I am pleased, honoured and humbled to receive the “Best Cyber Security Speaker 2017” award.
It’s been a pleasure delivering a talk on the psychology of information security culture at the SANS European Security Awareness Summit 2016. It was the first time for me to attend and present at this event, I certainly hope it’s not going to be the last.
The summit has a great community feel to it and Lance Spitzner did a great job organising and bringing people together. It was an opportunity for me not only to share my knowledge, but also to learn from others during a number of interactive sessions and workshops. The participants were keen to share tips and tricks to improve security awareness in their companies, as well as sharing war stories of what worked and what didn’t.
It was humbling to find out that my book was quite popular in this community and I even managed to sign a couple of copies.
All speakers’ presentation slides (including from past and future events) can be accessed here.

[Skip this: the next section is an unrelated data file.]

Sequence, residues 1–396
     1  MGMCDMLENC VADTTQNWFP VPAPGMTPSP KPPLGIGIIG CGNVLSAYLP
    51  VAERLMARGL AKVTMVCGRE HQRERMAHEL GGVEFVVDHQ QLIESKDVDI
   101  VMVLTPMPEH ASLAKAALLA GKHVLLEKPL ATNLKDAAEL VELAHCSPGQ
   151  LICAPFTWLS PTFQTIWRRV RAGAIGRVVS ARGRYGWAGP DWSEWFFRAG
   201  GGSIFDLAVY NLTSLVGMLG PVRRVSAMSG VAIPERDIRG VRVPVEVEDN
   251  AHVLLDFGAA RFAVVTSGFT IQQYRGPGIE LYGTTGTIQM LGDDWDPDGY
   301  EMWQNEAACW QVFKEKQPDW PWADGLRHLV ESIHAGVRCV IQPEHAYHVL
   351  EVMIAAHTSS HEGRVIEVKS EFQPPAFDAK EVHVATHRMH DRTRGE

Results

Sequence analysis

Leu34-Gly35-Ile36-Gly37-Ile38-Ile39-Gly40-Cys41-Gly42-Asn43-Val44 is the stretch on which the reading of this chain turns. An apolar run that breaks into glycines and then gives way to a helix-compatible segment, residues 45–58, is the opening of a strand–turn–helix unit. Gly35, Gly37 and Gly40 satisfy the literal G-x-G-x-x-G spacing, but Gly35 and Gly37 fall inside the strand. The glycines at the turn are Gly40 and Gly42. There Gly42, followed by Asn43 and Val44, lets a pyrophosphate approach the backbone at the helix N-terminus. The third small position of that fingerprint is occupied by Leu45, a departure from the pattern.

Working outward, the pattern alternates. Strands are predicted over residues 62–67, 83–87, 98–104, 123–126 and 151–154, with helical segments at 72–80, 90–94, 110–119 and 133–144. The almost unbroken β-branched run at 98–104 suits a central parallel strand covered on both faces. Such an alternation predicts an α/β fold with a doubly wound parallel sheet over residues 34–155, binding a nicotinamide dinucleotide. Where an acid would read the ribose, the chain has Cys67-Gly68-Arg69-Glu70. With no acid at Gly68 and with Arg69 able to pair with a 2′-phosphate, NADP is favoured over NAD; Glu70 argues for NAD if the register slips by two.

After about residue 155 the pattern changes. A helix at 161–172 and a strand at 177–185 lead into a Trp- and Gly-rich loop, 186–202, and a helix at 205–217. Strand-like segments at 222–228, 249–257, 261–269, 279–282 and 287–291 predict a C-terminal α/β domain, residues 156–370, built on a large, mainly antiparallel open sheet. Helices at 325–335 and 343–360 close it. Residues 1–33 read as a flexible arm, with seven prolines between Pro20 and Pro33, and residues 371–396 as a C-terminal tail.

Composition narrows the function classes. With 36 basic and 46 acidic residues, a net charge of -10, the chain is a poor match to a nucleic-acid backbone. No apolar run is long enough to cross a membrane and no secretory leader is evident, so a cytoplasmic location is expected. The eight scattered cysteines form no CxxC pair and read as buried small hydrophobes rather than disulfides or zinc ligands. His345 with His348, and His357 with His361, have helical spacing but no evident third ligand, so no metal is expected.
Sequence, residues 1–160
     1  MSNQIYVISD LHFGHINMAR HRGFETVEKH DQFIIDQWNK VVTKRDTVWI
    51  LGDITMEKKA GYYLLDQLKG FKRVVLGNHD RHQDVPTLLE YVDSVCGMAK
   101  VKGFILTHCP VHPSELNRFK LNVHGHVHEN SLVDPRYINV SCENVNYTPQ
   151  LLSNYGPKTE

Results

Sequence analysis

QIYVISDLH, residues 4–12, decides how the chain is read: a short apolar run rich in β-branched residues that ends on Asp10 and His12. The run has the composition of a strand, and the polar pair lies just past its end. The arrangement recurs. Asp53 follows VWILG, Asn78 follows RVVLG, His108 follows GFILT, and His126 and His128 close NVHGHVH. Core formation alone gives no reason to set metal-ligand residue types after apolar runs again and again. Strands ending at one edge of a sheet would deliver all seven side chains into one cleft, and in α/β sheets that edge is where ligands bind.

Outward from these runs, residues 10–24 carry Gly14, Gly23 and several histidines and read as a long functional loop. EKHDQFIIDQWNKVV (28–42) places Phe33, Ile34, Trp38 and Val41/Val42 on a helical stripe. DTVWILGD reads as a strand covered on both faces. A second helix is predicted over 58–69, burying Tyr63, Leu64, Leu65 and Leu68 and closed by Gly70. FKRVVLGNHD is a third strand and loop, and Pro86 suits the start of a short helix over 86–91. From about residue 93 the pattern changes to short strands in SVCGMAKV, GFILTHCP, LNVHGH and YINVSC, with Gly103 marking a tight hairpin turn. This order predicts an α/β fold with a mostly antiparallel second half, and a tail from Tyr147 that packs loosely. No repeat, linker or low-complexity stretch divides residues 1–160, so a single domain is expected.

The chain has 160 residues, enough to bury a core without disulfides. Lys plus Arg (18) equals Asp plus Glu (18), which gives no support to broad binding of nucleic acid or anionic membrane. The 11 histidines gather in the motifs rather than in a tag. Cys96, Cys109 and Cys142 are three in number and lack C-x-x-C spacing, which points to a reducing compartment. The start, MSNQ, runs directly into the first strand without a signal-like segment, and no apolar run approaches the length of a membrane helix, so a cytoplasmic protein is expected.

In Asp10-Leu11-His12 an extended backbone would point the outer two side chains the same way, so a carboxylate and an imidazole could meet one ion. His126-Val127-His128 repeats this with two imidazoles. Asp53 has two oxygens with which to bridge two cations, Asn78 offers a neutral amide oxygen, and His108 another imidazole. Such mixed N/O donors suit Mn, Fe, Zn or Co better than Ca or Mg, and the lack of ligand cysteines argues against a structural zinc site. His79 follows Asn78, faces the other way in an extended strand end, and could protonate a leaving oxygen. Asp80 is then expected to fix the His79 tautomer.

I recently had the pleasure to help organise and host PhD students from Royal Holloway, University of London (RHUL), who spent a day at my company interacting with the team in order to gain industry insights.
This day-long event included presentations by the students, their lecturers, our partners and consultants.
During one of these presentations, I shared some of my own experiences as an information security consultant, in which I talked about my role and area of expertise. I also discussed current security challenges and provided some career advice.
Several round table discussions provided everybody with much needed food for thought. We covered topics like security monitoring, threat intelligence, information protection in digital health and the role of the C-suite.
We received positive responses from the professors – the students enjoyed the presentations and learned a lot from the interactions during the day.
The UCLU Technology Society invited me to deliver a talk on information security to UCL students. Together with my colleague, I discussed various aspects of information security focusing on both technical and non-technical topics.
We talked about Advanced Persistent Threats and common misconceptions people have about them. When referring to protection measures, I emphasised the importance of considering human aspects of security. I described typical causes of a poor security culture in companies, along with providing some recommendations on improving it.
I concluded the evening with a discussion on managing and communicating the necessary changes within the organisation and the skills required to successfully do that.